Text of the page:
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143 resources found (displaying 1-20)
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The Changing Face of Evolutionary Theory?

Is evolution driven mainly by random genetic variation, or are there other factors at play? Michael Burdett reviews the scientific debate.

 

What makes BioLogos different from Evolutionism, Creationism, and Intelligent Design?

A short guide to where BioLogos fits in the origins debate.

 

Reflections on our Interview with Bill Nye

President Haarsma reflects on our big interview with Bill Nye, and explains how it relates to our mission.

 

Series: Reviewing “Darwin’s Doubt” (11 entries)

 

Series: Adam, Eve, and Human Population Genetics (7 entries)

 

Divine Ingenuity and Divine Hiddenness

Divine Hiddenness is the claim that our public evidence is strong enough to make Christian faith reasonable, but not strong enough to make it compelling.

 

Series: From the Archives: Miracles and Science (5 entries)

 

Newton, Leibniz, and the Role of God in Planetary Orbits

In the early 1700s, Isaac Newton and Gottfried Wilhelm Leibniz famously disagreed about whether God periodically "corrected" the orbits of the planets. Why their disagreement matters for today's debates about God and evolution.

 

From the Archives: Speciation and Macroevolution

A common challenge to evolutionary theory is that while life does indeed change over time (what is known as microevolution), no one has ever seen one species evolve into another species (macroevolution).

 

Pope Francis on Evolution, Creation, and Magic

Pope Francis is reiterating a basic claim in Catholic Christianity: If one acknowledges that God creates by giving creatures not only their existence but also their natures, one can reconcile an evolutionary worldview with the Christian faith.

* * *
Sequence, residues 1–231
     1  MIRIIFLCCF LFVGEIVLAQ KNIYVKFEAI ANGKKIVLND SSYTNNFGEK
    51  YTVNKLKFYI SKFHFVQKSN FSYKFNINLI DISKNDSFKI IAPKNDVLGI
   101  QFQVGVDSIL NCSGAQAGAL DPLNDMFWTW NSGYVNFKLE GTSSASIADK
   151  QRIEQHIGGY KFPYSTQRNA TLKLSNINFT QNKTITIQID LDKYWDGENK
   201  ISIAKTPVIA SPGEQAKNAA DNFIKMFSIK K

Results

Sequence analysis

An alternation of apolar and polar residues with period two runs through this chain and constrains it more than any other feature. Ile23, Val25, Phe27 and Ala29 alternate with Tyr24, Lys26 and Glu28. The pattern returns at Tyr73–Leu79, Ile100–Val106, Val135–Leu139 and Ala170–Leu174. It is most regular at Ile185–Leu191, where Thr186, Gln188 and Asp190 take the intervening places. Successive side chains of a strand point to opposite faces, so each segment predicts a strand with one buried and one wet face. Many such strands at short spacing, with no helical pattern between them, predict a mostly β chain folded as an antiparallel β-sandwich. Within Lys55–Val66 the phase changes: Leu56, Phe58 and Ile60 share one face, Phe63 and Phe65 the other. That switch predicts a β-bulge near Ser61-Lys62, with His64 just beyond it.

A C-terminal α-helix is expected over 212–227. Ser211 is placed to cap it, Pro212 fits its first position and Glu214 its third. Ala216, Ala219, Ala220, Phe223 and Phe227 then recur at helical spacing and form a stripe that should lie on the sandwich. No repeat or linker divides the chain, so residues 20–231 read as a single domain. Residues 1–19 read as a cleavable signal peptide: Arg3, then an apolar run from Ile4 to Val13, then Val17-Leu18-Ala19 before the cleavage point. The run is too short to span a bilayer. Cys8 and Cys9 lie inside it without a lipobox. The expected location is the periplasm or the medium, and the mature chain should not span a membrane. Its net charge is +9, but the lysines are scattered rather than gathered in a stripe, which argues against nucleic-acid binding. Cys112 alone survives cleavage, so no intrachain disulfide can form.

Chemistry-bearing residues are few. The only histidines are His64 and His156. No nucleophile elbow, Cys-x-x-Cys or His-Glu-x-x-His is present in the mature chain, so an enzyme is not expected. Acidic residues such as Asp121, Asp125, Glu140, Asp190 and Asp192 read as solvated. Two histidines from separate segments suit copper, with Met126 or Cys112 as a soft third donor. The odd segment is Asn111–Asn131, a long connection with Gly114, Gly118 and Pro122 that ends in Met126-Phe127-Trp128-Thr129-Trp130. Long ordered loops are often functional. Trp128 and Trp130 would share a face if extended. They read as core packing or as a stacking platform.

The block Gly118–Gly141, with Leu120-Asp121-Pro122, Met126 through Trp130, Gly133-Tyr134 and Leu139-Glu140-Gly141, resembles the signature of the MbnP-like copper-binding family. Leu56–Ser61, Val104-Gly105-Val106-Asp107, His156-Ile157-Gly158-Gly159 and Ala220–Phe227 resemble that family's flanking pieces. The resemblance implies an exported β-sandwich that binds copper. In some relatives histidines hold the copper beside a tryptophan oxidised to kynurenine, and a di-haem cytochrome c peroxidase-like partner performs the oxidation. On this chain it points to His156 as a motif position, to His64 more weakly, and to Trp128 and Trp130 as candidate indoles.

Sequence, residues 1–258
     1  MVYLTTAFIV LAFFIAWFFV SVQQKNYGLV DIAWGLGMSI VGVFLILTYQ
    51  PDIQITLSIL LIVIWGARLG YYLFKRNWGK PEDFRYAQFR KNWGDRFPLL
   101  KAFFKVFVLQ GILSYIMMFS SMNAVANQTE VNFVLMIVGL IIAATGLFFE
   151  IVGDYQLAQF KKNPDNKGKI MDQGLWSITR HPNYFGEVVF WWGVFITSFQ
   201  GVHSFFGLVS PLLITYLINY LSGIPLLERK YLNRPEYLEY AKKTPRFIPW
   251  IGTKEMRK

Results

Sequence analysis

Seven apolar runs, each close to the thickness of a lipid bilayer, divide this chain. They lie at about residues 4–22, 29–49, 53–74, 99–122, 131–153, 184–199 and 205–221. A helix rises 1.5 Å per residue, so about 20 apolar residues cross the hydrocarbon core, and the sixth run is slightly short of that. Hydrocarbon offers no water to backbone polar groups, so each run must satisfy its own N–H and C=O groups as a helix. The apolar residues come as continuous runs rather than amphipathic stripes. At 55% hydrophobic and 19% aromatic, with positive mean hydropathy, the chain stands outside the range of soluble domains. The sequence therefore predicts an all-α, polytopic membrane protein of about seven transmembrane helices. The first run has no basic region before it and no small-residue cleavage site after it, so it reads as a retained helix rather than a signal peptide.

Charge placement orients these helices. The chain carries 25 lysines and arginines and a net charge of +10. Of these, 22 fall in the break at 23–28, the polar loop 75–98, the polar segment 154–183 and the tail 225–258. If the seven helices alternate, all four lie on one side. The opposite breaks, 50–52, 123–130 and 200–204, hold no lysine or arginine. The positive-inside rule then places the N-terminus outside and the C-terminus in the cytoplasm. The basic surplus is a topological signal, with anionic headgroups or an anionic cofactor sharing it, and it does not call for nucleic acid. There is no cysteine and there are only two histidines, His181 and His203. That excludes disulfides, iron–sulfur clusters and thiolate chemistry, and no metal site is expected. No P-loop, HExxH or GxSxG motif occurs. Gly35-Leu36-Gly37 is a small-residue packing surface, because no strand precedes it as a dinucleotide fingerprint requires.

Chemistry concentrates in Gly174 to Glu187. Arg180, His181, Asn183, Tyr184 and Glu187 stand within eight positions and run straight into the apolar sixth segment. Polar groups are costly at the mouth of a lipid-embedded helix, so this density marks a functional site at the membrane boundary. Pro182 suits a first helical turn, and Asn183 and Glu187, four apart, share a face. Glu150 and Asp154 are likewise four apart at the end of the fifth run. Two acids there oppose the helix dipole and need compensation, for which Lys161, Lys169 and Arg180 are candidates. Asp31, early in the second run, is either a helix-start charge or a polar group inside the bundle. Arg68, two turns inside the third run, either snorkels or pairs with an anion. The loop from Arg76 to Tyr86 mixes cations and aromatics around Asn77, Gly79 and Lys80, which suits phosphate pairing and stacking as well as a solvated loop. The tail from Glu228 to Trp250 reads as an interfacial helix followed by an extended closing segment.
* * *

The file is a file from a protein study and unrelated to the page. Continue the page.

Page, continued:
Series: Reviewing “Darwinism and the Divine” (3 entries)

 

An Ancient and Dynamic Universe

While reading about and studying the processes that gave rise to this astonishing world, please don’t forget that it is beautiful. It is not merely mechanics, but poetry.

 

God Decides, We Measure

The former chair of the Harvard University physics department muses on how faith gives meaning to his scientific work.

 

Saturday Science Links: October 18, 2014

Collection of the best articles of the past several weeks on science (and faith) from around the web.

 

Series: Evolution Basics (50 entries)

Written by BioLogos Fellow of Biology Dennis Venema, this series of posts is intended as a basic introduction to the science of evolution for non-specialists.

 

Responses to David Barash on God and Evolution in the Classroom

Here are some of the best responses from around the web to David's Barash's controversial editorial about God and Evolution in the New York Times.

 

How to Build A Bridge: Reviewing "Surprised by Scripture" by NT Wright (Part 1)

New BioLogos content editor Brad Kramer reviews Chapter 1 of “Surprised by Scripture” by NT Wright, and sees Wright’s work as a signpost for the future of the science/faith debate.

 

God as Process Engineer: Creator, Sustainer, Reedemer, and Provider

From a Judeo-Christian perspective, all of these curiosities dovetail into a profoundly meaningful explanation: Being made in God’s image helps to explain our creative and investigative skills, particularly when we consider that God has specially engineered this universe to reveal himself to human beings.

 

Series: On Creating the Cosmos, by Ted Peters (9 entries)

Last year I introduced readers to one of the leading voices about Christianity and science, John Polkinghorne. I also helped BioLogos bring in another leading voice, Robert Russell. This new series introduces a third prominent Christian thinker, Lutheran theologian Ted Peters, Research Professor Emeritus in Systematic Theology and Ethics at Pacific Lutheran Theological Seminary, the Center for Theology and the Natural Sciences (http://www.ctns.org/), and the Graduate Theological Union in Berkeley, California.

 

What Americans Think and Feel about Evolution

The new Gallup survey shows in broad strokes the challenge we face. But more nuanced surveys find that only 8% of Americans are convinced creationists whose beliefs are dear to them, and only 4% are convinced atheistic evolutionists whose beliefs are dear to them. The vast majority of Americans are not sure of their position and are open to a conversation.

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143 resources found (displaying 1-20)
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